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The Quest for New Sources of Arms: 1970-

After the young officers led by Qadhafi deposed the Idris regime, it was almost inevitable that their government would look for new sources of military equipment. One of the many causes of the coup was the monarchy's unwillingness to involve Libya militarily in the Arab-Israeli conflict. To have continued to rely solely on Britain and the United States for arms would have invited domestic and Arab criticism inasmuch as both countries were regarded as hostile to the interests of the Arab world because of their support for Israel. The Libyans therefore cancelled the treaty with Britain and, in March 1970, the British evacuated their bases near Tobruk and Benghazi. United States operational and maintenance support of the Libyan air force ended the following June when American personnel evacuated Wheelus Air Base. Overall American military assistance between 1958 and 1970 had amounted to US$17.4 million in grant aid and US$43.4 million in sales.

In 1970 the Libyan government announced that it had contracted for the purchase of French weapons systems, notably Mirage fighters, valued at US$400 million. Using facilities that were formerly part of Wheelus Air Base, French instructors engaged in the training of Libyan pilots and ground crews to operate and maintain the Mirages. The choice of France as an alternative arms supplier was a logical one for Libya. Not only was France increasingly dependent upon Libyan oil supplies, but its policy toward the Arab-Israeli dispute was acceptable to Qadhafi.

Failing in its efforts to acquire medium tanks from either France or Britain, Qadhafi turned to the Soviet Union. Moscow had quickly recognized the new Libyan regime and responded with equal speed to the request for weapons. In July 1970, the first Soviet military vehicles, including 30 medium tanks and 100 armored personnel carriers, arrived in Libya.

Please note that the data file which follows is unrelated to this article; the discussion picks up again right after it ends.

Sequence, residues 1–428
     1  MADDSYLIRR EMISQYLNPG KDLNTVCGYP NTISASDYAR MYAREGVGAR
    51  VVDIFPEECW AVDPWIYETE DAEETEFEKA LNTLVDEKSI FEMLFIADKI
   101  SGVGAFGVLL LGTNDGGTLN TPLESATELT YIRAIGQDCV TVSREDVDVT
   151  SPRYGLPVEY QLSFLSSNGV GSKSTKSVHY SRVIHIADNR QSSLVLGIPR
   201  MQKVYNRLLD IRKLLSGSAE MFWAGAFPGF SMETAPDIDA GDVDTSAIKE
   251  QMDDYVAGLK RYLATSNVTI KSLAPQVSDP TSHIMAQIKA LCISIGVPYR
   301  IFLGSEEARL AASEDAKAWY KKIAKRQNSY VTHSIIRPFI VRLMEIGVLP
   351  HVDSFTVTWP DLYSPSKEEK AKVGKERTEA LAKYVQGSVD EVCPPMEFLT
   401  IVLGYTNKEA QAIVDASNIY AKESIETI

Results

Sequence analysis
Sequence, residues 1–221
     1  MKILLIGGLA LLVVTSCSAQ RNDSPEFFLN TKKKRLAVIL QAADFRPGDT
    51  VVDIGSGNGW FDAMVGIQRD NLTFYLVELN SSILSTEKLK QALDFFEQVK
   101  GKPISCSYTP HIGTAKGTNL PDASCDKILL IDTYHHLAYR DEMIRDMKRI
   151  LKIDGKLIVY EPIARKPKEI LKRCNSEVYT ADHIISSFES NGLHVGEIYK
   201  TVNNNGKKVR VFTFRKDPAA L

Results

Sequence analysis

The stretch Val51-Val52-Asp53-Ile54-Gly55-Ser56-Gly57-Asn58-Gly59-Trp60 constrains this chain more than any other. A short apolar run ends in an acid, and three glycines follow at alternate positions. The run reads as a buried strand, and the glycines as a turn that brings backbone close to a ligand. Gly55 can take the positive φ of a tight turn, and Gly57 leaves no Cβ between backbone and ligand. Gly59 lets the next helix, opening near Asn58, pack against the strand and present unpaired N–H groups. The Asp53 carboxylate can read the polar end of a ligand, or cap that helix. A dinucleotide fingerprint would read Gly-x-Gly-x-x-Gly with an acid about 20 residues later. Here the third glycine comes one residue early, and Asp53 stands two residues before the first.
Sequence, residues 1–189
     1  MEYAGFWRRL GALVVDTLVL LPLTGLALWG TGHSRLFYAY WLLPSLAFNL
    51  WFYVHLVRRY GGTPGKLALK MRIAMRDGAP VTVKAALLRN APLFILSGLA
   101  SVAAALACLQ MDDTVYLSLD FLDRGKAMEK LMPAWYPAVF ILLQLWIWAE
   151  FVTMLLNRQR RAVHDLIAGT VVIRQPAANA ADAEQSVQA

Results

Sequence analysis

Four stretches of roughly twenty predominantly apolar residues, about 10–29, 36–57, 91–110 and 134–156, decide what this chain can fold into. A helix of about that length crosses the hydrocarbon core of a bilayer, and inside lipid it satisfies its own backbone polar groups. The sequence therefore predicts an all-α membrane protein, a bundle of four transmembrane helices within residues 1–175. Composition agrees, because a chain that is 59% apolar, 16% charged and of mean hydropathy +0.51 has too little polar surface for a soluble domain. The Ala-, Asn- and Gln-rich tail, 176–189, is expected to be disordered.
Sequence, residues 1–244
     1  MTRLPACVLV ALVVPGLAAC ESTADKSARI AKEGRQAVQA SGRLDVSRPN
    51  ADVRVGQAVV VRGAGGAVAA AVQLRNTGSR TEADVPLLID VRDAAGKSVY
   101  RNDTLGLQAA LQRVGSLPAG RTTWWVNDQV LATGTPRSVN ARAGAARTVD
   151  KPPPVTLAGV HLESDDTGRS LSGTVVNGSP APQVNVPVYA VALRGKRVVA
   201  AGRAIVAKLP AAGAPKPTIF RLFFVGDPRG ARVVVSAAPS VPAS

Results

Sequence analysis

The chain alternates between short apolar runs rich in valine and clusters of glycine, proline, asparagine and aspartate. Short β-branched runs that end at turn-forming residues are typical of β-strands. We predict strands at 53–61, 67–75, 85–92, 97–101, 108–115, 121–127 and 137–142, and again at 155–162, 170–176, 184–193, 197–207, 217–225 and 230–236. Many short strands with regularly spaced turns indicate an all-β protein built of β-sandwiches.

Apart from France, however, during the early 1970s neighboring Egypt had the greatest influence on Qadhafi's drive to upgrade his defense forces. Egypt had supported the coup by positioning Egyptian units at strategic points throughout Libya to help prevent any attempt by royalist forces to stage a countercoup. By 1972 an estimated 2,000 Egyptian soldiers were serving in the country as instructors. Training was also provided for both officers and enlisted personnel at installations in Egypt. After the military academy at Benghazi closed, a number of Libyans were trained at the Egyptian military academy.

The October 1973 War, which drew sharp criticism from Qadhafi over the Egyptian military effort and the willingness of President Anwar Sadat to accept a disengagement agreement with Israel, produced a rift between the two North African neighbors. Egypt withdrew from Libya all Egyptian pilots and two vessels it had lent the Libyan navy. Cooperation in air defense was also terminated as Egypt withdrew surface-to-air missiles it had provided earlier and halted work on the air defenses it had been developing to protect Tripoli, Benghazi, and Tobruk.

Libya then turned to Pakistan for help. A small Pakistani advisory contingent that had been giving training on helicopters and transport aircraft was expanded to about 600--including 40 pilots. Small numbers of Italian, French, and Yugoslav instructors were also introduced for training.

Data as of 1987